Should you see it? I would say yes because it's pretty great until the last five minutes. there is much to recommend about the the majority of it. It is a shame the ending just doesn't live up to lead up.

Sunday, December 22, 2019

Klaus (2019) Directed by Sergio Pablos

This Christmas story produced for Netflix and featuring a leap forward in 2D animation might just be the thing that gets studios back into 2D animated movies. Disney's last attempt was "The Princess and the Frog" and while that film was AMAZING, it just couldn't push the ball to the top of the hill and beat the slew of 3D animated films that were taking over animation everywhere. Well, not quite everywhere. TV and independent filmmakers still were and are harnessing the magic that hand drawn animation can bring to a movie and I think while not wildly promoted like Pixar and Disney films, they lurked in the background reminding us that animation is more than one thing.

In comes Klaus, a sort of re-imagining of the Santa Claus legend with stupendous visuals and a story that really walks the line between light and dark in a way I haven't seen in a "children's" film before. It even give the late Jim Henson a run for his money in that regard. the story of never-do-well rich kid who is shipped the worst place on earth to teach him a lesson is fairly standard the stuff. It's the details that make this story stand out.

This project first released a teaser trailer in April 2015, 4 year's before it's release and all those years of work show in the final product. the backgrounds are beautiful and the characters have a depth to them not seen in even the most famous of Disney productions. Things changed from the teaser and previews, including the lead character's voice and the cutting of a series of gags where the postman keeps getting snow dumped on him while trying to make his rounds to the less than friendly population. Those cuts were a shame because they were fully animated and quite funny but I won't second guess the writer/director's choices in the final edit because the finished movie works so damn well.

This is one of the best and innovative animated films to be released in a long time. For an animator like myself, it's inspiring.

Monday, December 16, 2019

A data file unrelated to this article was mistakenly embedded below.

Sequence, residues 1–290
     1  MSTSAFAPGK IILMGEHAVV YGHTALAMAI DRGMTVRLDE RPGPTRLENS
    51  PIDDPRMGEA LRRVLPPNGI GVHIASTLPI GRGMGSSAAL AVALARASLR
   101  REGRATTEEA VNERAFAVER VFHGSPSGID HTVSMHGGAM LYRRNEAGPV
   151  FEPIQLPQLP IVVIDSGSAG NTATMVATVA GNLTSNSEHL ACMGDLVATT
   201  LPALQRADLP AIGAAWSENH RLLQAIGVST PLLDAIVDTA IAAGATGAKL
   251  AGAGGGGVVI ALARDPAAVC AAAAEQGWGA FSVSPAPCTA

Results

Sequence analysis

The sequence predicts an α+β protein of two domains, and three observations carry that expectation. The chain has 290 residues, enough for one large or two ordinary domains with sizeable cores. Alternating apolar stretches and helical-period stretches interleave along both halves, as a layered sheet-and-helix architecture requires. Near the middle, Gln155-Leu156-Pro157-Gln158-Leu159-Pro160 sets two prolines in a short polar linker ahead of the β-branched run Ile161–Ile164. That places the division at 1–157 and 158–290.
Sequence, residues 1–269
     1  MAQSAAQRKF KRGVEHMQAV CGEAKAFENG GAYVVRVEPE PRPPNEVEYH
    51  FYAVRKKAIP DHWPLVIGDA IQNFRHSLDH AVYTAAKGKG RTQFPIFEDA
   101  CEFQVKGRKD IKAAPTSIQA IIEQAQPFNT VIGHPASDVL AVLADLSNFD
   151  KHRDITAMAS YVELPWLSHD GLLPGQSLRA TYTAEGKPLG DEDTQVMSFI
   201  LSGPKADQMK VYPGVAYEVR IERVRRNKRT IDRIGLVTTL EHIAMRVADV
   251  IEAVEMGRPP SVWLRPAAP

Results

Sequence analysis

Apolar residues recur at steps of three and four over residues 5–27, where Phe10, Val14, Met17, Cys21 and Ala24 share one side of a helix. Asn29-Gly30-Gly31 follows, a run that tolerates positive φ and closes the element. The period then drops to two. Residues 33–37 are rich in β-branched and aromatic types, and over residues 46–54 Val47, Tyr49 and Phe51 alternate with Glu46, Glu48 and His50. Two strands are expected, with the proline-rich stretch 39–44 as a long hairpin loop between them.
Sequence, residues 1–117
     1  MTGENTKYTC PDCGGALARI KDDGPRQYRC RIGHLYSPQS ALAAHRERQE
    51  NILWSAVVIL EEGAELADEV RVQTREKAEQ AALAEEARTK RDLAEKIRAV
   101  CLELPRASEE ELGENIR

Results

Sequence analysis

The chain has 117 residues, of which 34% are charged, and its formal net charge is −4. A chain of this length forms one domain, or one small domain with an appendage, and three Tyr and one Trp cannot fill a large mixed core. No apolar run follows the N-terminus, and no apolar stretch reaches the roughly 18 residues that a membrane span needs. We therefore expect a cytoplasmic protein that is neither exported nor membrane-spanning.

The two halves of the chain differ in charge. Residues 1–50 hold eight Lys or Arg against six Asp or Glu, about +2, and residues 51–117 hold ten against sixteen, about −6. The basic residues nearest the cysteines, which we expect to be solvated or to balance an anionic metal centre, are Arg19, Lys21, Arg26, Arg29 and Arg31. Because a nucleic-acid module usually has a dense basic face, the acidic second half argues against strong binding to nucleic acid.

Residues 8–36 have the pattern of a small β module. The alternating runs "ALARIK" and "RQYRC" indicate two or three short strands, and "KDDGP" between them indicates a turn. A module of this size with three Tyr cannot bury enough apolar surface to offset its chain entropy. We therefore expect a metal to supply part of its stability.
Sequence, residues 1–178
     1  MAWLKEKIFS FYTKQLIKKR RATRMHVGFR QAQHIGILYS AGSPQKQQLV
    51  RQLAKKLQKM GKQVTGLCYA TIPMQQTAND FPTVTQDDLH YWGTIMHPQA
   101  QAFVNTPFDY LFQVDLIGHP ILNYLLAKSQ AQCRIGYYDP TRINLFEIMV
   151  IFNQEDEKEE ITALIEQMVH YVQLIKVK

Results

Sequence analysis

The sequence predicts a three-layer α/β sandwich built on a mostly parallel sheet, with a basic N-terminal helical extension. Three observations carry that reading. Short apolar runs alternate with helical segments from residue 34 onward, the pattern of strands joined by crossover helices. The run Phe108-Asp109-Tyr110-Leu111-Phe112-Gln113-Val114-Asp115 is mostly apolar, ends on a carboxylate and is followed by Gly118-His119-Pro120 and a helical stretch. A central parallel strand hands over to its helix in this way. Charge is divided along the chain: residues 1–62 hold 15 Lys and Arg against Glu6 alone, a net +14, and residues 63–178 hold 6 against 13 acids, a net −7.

The Old Man and the Sea (animation) 2000 directed by Alexander Petrov

If you have never seen anything by Alexander Petrov, this is a good starting point. his work is simply amazing. Done by painting with oils on glass - erasing and repainting sections for each frame to give the impression of movement - this painstaking technique truly looks like paintings come to life.

The short documentary below explain his work and process.

Personally this sort of work proves that no matter how advanced CGI becomes, it is not the be all end all of animation. Frame by frame, done by hand Petrov's work transcend mere technical achievement and moves animation into the real of fine art.

Saturday, December 7, 2019

Bohemian Rhapsody 2018 directed by Brian Singer (mostly)

This is an entertaining film, that is certain. What it isn't is a good bio film of the band Queen or it's lead singer Freddie Mercury. I am no Queen expert and didn't follow the career or life of Mercury but even I could pick out the many timeline shifts and fudging of the facts in this film.

Most, if not all bio-pics, are full of inaccuracies, condensed time lines and merged characters - it's part of making a life into a 2 hour movie. This movie plays loose with the facts but in ways that really feel disingenuous to even a casual viewer. Everything comes easy to Queen, Mercury shows up, sings a minute and is the band's lead singer from then on. Songs magically get written and no one seems to need to learn instruments or practice. The film is a by the numbers drama that in many ways could have been about any band with the exception of the inclusion of Queen-centric trivia.